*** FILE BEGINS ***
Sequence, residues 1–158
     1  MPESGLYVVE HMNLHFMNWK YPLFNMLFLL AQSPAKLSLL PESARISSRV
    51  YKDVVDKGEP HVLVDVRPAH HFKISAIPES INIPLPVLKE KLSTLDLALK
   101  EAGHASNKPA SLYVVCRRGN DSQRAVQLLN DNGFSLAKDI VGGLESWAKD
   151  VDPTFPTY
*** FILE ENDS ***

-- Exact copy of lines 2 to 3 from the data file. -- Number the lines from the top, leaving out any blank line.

     1  MPESGLYVVE HMNLHFMNWK YPLFNMLFLL AQSPAKLSLL PESARISSRV
    51  YKDVVDKGEP HVLVDVRPAH HFKISAIPES INIPLPVLKE KLSTLDLALK